DON’T FALL FOR THE NOVICE EFFECT

A lot of people claim to find miraculous results with scientifically baseless training programmes. Some of these plans are nothing but shams that are mass produced by ‘online trainers’. People report feeling better and stronger and losing inches thanks to these programmes. How does that happen? Well, it’s actually a psycho-physiological phenomenon called the ‘novice effect’.

Read my article about the noive effect as printed in THE DNA http://www.dnaindia.com/health/column-don-t-fall-for-the-novice-effect-2334788

A lot of people claim to find miraculous results with scientifically baseless training programmes. Some of these plans are nothing but shams that are mass produced by ‘online trainers’. People report feeling better and stronger and losing inches thanks to these programmes. How does that happen? Well, it’s actually a psycho-physiological phenomenon called the ‘novice effect’.

Most of these people who claim to gain spectacular results are absolute beginners. And a body that has never been put on any kind of routine is subject to the novice effect. When your body is put on any kind of regimen for the first time, the results are rapid — even if the training method and diet is not optimal. When you are put on a regimen, your hunger automatically reduces, and you lose weight, because you end up actively eating on a schedule and not on a whim. So even if your diet is a bad one, you actually see some results.

The initial progress you see in strength is mostly just out of your body learning a particular movement and getting better at it and the central nervous system recognising it — it is not an actual spurt in strength. Which is why people who could hardly squat with a bar on their back report being able to squat 60 pounds within 12 weeks or less, even on a gimmicky training programme.

That’s the physiological aspect. Now let’s look at the psychological aspect, which plays a major role in the ‘results’ you hear about. A person on any ‘programme’, no matter how gimmicky it is, is invested in it. Given that they have chosen that programme and paid for it, if it fails, it reflects badly on them. That intrinsic motivation pushes them to work on it harder. At times, it also pushes them to overstate results. Also, when you are actively looking for a certain result, you are more likely to see it. Yet another feature is that the placebo effect is the strongest when you are a novice and don’t know how the body/system really works. So psychologically, that does drive some key results.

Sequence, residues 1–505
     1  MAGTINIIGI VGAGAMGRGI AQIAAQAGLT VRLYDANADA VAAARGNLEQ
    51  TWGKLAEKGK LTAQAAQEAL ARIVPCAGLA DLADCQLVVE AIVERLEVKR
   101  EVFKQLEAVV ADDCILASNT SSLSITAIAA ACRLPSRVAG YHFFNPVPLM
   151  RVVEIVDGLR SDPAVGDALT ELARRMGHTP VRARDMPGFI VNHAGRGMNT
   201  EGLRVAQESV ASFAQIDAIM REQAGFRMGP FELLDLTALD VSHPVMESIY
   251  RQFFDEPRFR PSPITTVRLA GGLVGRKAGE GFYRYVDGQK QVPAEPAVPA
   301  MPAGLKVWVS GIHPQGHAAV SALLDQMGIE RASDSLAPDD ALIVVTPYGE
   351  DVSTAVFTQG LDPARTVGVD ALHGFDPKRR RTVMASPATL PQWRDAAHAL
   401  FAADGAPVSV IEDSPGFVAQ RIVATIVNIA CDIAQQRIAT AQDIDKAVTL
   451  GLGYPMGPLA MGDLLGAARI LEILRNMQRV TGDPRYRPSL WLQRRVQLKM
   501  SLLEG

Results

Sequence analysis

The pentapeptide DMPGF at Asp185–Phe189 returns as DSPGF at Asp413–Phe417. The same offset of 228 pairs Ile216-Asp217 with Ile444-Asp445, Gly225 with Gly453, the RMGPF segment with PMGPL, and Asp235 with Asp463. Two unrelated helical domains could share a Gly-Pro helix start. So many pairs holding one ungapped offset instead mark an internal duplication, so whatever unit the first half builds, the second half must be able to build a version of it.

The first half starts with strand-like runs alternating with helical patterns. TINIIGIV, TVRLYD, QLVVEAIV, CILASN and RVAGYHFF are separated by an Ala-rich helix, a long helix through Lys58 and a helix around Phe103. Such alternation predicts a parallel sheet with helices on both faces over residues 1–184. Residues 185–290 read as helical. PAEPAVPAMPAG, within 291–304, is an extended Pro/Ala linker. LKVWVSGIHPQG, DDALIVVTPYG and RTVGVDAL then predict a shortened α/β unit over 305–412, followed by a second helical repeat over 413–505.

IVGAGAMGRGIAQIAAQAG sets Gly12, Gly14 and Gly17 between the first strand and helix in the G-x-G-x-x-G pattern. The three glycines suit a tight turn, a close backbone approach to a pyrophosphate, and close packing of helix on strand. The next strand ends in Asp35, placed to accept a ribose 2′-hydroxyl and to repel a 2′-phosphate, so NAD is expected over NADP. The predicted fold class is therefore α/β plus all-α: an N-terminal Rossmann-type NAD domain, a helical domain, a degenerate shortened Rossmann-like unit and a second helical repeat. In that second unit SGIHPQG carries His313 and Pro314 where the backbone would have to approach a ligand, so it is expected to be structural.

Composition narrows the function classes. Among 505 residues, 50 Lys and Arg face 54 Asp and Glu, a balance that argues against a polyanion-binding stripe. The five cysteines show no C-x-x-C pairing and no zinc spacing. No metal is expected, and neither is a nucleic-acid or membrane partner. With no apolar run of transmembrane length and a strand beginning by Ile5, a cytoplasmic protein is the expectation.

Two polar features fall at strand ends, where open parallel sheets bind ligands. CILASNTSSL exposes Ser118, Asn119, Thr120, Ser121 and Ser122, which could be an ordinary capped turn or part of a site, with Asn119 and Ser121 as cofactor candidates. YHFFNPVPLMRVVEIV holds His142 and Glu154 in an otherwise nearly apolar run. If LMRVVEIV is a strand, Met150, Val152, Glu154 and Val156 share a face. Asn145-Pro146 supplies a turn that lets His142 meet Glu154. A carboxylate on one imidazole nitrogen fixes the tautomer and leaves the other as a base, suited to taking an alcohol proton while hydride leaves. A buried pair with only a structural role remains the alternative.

If the novice effect works even with fraud diets and training programmes, why should one be against it? First, because of optimisation. If the novice effect can give you results even with bad plans, what amazing results you could have with a scientifically correct nutrition and training plan.

Second, because of longevity. The novice effect wears off soon. And if you have been on a bad training or nutrition programme, the loopholes begin to show — your weight rebounds, your foundations are weak so your progress plateaus hard, you have been training wrong so your basics that could help you progress ahead to higher levels are flawed, etc. In short, after the benefits end, you are stuck. You’ve been conned. And you aren’t any wiser for it either.

When you choose as nutritionist, trainer or a fitness consultant, make sure you choose someone who has genuine certification, and has trained not just beginners, but also real athletes. If possible, always choose a person who consistently works with the same group of athletes/clients for years because that proves that he or she does not only rely on the novice effect for results, but actually knows how to work beyond it.

""

-Pushkraj Shirke
Fitness Columnist, The DNA

Advertisements
pushkrajshirke

Ex-adman. Film Director and Photographer. Fitness, Strength Training and MMA enthusiast. Critical thinker. And insane enough to publish materials for free so that i can be downright honest and un-cut and don't have to censor facts to suit sponsors and the 'profit' concerns of publishers.

Leave a Reply

Fill in your details below or click an icon to log in:

WordPress.com Logo

You are commenting using your WordPress.com account. Log Out /  Change )

Google photo

You are commenting using your Google account. Log Out /  Change )

Twitter picture

You are commenting using your Twitter account. Log Out /  Change )

Facebook photo

You are commenting using your Facebook account. Log Out /  Change )

Connecting to %s